Linked by Thom Holwerda on Thu 20th Feb 2014 16:43 UTC
Internet & Networking

When Gabriel Weinberg launched a search engine in 2008, plenty of people thought he was insane. How could DuckDuckGo, a tiny, Philadelphia-based startup, go up against Google? One way, he wagered, was by respecting user privacy. Six years later, we're living in the post-Snowden era, and the idea doesn't seem so crazy.

In fact, DuckDuckGo is exploding.

I wonder what the future holds for DuckDuckGo. Will there be a point where people leave Google Search completely, instead of just casting curious glances at DDG?

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RE: Er...
by Straylight on Fri 21st Feb 2014 02:53 UTC in reply to "Er..."
Straylight
Member since:
2006-06-15

I've also been trying to cut the google cord, but I mist ask how you avoided google mail. I tried several (including lavabit before that got shut down) but couldn't find any that could replace the convenience of gmail. Considering setting up my own server now just to get around the problem...

Reply Parent Score: 3

RE[2]: Er...
by blitze on Fri 21st Feb 2014 08:33 in reply to "RE: Er..."
blitze Member since:
2006-09-15

You could try Mail.com or if your Russian is ok then Mail.ru

Been on a 15 year journey with email that started as Atlavista.net and ended up being Mail.com through a couple buy outs but my email service with mail.com has been very good. Not quite sure about their privacy but hey, can't be as open as Gmail or Hotmail.

As for searching, Startpage has been my staple for a while. Tried DDG but never was to keen on the results.

I wonder how mined Yandex Search is? I like their maps and navigator apps on Android as an alternative to Google Maps.

As for translation services, not really found a winner there. All lack in correct grammar when it comes to trying your hand at translating. Google seems to have the most to offer but not necessarily that correct and the app version can produce some horror translations. Least their web version seems to allow for alterations and alternatives to results if one has some understanding of prepositions/post-positions of the language they are trying to translate into.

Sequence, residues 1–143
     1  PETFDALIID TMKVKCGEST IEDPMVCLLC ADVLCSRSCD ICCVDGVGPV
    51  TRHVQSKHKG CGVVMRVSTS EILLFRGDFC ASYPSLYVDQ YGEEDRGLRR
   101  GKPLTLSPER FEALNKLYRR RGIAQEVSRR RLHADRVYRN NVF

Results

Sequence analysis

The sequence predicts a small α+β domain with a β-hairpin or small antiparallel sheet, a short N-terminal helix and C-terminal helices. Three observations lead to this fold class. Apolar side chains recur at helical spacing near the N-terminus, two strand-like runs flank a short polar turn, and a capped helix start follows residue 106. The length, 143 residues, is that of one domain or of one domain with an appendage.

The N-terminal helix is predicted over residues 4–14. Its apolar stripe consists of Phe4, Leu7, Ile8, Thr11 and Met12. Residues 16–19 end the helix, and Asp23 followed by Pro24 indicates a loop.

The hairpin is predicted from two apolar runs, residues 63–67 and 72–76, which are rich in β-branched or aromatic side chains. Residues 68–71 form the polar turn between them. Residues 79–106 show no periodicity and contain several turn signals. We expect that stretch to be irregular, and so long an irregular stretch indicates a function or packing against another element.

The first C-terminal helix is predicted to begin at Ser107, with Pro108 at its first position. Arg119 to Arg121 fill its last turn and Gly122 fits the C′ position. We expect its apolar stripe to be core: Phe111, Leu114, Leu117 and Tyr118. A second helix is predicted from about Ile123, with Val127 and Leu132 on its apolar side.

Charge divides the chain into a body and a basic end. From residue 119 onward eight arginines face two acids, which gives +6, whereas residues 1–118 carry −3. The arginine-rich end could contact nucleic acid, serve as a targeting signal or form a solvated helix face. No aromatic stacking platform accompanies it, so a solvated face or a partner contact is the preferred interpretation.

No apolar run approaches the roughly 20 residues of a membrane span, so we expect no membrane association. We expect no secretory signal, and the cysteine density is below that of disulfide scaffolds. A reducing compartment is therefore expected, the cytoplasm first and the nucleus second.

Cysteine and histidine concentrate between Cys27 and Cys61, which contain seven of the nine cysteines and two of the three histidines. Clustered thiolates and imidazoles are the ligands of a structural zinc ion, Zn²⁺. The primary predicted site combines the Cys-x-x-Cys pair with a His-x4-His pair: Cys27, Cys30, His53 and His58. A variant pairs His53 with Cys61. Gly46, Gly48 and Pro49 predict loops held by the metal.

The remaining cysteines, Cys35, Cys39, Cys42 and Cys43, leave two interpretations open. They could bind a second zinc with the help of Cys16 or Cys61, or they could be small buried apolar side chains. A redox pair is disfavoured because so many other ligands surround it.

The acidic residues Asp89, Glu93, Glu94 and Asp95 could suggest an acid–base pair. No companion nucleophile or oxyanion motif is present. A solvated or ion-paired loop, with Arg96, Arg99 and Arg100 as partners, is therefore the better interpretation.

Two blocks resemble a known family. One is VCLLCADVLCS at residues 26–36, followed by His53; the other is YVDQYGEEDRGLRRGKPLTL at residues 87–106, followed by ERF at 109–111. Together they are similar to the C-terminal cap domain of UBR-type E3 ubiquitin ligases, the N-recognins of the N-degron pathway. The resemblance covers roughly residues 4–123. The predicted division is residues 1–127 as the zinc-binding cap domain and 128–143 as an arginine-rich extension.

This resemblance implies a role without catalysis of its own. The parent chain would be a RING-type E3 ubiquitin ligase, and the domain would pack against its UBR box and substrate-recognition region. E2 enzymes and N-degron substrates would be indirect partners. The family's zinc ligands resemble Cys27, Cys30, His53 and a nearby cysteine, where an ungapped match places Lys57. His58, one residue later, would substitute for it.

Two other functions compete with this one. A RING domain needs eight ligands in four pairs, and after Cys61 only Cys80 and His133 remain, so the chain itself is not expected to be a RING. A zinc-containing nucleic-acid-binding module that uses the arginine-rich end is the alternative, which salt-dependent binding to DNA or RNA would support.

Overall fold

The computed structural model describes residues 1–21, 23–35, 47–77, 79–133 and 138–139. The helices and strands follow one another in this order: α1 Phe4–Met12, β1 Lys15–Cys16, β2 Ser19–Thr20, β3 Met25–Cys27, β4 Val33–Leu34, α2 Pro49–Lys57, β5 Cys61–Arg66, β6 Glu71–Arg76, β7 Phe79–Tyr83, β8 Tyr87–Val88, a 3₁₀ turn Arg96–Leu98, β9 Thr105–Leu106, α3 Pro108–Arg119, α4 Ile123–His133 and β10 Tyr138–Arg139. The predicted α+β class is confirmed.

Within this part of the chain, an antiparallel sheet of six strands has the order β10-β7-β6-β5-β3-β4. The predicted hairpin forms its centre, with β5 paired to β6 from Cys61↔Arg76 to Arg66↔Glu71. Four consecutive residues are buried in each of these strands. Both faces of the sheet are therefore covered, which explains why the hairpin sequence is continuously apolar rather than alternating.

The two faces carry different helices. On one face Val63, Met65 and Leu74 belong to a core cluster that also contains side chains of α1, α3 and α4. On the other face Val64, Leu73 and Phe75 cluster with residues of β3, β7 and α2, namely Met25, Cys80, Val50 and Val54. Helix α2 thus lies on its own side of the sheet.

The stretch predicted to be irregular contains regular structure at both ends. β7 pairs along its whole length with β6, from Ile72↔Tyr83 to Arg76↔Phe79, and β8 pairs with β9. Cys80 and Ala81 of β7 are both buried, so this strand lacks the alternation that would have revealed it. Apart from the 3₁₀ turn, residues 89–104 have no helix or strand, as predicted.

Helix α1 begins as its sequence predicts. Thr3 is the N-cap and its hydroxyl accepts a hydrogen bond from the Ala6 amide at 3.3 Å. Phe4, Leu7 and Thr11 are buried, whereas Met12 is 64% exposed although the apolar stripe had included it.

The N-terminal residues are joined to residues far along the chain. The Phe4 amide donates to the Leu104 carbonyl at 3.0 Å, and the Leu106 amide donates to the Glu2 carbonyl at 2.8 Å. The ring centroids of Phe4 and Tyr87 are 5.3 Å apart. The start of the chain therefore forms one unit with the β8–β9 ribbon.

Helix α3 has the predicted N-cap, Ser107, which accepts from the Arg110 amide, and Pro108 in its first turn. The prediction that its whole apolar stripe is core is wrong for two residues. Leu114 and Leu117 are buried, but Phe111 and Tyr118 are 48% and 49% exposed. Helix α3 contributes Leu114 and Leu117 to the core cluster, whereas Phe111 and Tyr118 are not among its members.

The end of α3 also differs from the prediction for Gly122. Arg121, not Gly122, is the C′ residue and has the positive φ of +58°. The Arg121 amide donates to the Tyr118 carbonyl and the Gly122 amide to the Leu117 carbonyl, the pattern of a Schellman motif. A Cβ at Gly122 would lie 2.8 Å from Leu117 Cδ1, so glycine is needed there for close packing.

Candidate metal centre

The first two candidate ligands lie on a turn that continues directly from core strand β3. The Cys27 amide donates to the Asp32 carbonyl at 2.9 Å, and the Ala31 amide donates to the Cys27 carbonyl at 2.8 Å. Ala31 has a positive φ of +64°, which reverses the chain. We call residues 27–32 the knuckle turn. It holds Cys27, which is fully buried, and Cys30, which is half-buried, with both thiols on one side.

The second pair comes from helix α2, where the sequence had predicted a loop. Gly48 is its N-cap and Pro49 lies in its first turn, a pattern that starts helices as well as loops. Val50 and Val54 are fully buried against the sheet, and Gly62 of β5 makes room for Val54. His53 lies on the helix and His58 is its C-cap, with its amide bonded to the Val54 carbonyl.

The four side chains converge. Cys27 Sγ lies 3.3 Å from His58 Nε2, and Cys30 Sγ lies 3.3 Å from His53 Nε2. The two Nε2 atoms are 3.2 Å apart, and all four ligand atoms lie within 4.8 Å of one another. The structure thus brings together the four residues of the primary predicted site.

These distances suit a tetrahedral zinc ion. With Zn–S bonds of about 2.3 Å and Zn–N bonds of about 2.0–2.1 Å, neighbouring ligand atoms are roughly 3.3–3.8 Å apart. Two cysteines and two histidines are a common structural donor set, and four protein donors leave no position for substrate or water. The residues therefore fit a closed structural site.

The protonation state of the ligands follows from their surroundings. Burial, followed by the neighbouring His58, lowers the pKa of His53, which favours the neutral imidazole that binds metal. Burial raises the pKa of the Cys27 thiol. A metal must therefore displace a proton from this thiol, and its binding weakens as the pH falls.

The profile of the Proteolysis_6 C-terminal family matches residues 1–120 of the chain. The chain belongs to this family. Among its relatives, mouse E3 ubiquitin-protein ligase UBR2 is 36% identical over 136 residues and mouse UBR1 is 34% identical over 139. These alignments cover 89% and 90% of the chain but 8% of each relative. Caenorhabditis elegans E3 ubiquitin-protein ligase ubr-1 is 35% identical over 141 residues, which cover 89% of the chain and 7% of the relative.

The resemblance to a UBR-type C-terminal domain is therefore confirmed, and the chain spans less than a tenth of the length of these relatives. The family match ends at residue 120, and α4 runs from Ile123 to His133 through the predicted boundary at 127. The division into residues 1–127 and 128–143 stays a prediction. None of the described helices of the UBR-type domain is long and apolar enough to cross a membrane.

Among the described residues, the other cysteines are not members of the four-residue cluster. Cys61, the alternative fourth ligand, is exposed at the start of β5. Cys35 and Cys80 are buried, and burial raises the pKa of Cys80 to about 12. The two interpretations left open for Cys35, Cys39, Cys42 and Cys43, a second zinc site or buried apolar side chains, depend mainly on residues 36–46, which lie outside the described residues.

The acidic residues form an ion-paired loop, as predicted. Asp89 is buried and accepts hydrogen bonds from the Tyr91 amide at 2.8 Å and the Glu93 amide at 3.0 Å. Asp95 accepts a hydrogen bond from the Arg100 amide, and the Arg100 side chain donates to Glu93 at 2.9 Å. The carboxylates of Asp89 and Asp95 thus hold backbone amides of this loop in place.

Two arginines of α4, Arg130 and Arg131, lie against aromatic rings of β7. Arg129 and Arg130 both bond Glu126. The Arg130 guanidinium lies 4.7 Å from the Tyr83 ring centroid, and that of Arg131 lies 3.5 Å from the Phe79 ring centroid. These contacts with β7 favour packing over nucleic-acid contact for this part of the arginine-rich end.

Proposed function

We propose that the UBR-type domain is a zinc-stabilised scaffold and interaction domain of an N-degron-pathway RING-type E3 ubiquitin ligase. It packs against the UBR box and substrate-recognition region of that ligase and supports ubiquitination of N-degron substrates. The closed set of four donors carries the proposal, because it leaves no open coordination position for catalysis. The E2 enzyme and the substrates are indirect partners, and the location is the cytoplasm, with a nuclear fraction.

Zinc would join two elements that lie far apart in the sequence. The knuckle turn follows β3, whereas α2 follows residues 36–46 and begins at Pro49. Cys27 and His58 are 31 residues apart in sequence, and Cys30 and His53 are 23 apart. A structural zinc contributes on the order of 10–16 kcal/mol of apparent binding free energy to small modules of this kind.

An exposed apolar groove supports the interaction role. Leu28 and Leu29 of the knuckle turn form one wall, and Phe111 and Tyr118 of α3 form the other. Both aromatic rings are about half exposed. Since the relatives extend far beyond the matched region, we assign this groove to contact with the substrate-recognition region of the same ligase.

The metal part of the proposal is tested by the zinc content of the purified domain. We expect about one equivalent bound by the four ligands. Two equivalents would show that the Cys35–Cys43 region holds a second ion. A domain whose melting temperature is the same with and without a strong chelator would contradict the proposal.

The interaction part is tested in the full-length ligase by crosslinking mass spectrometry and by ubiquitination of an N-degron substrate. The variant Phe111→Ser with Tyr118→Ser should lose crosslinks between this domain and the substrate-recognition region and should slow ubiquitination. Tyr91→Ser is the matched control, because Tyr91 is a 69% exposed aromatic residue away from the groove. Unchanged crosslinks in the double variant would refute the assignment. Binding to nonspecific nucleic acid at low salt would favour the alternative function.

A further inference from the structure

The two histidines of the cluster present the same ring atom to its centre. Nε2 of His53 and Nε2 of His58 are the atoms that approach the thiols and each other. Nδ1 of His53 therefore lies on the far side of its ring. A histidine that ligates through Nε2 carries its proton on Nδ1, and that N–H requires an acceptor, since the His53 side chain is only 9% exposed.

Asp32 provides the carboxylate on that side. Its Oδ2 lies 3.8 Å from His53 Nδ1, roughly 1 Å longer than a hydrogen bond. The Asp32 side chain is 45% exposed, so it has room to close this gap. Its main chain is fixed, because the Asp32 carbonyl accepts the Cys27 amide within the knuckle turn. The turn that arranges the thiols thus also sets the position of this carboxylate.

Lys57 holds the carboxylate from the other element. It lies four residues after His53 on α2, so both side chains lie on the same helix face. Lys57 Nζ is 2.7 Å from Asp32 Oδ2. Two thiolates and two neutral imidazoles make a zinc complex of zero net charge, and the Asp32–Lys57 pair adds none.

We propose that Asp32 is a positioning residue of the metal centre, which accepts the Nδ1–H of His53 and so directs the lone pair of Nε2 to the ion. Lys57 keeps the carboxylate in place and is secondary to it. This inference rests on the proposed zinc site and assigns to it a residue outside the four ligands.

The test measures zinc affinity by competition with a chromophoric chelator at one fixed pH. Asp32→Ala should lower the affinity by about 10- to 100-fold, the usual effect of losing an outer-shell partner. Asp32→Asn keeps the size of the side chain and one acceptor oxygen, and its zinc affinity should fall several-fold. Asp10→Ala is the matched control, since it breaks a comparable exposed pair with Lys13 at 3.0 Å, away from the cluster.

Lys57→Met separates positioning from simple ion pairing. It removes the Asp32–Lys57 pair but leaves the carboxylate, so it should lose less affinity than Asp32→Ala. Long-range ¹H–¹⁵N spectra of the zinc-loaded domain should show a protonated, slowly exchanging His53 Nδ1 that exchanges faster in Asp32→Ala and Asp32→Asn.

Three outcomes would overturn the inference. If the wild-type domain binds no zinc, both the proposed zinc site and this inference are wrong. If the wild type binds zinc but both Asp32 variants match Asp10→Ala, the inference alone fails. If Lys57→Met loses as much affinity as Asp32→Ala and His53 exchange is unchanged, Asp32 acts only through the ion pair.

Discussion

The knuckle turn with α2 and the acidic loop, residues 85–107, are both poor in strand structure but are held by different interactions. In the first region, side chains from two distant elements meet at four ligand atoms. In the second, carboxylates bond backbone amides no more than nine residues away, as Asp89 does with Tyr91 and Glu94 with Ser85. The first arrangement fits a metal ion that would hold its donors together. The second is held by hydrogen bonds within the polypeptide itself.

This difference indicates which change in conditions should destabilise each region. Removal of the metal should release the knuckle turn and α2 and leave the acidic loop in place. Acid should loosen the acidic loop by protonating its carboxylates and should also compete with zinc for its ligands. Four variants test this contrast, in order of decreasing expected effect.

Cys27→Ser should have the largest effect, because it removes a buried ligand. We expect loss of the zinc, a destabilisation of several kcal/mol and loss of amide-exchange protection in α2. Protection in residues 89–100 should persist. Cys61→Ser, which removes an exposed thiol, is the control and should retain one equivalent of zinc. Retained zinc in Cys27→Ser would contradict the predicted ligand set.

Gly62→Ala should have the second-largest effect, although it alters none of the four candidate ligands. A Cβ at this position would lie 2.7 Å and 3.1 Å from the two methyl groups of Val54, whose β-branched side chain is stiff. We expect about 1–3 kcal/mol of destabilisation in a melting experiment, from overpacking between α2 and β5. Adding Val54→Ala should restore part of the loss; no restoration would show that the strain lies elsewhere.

Reply Parent Score: 2

RE[2]: Er...
by Morgan on Fri 21st Feb 2014 15:32 in reply to "RE: Er..."
Morgan Member since:
2005-06-29

I've moved away from Gmail to my own domain hosted at tigertech.net (small shared-hosting service here in the US). I have two domains with them, and two email addresses specific to those sites. All of my personal email activity has been moved from my Gmail account to one of those, and I'm working on moving my subscriptions and other non-personal email correspondence to the other. As it is, right now Gmail just manages a couple of forum logins.

I don't even miss the Gmail-only features like labels and Social/Promotions grouping; I use IMAP folders instead, and I never liked the grouping thing anyway. Now that Google+ has been integrated, I find the entire Gmail web interface practically useless.

If you're going to set up your own server, be prepared for being your own 24/7 sysadmin. If you don't already know Unix or GNU/Linux, you should start learning. It's a major headache to run a personal mail server, but for some people it's worth the trouble. If you're hosting on your own machine at home or colocated, be sure to keep a daily backup, and then back that up off site. If you're going with a hosting solution (I've had good experiences with Digital Ocean) be sure it's one that offers snapshots or backups of your instance.

In short: It's possible to get away from Gmail, you just have to know what you're getting into.

Reply Parent Score: 2

RE[2]: Er...
by woegjiub on Sat 22nd Feb 2014 22:15 in reply to "RE: Er..."
woegjiub Member since:
2008-11-25

You should use your own server; it's wonderful.

You can install roundcube/mykolab if you want a neat web interface - otherwise, native clients work well.


There really isn't much to using mailservers at web-hosting companies. I use webfaction, and it was a piece of piss to get everything going.

Reply Parent Score: 2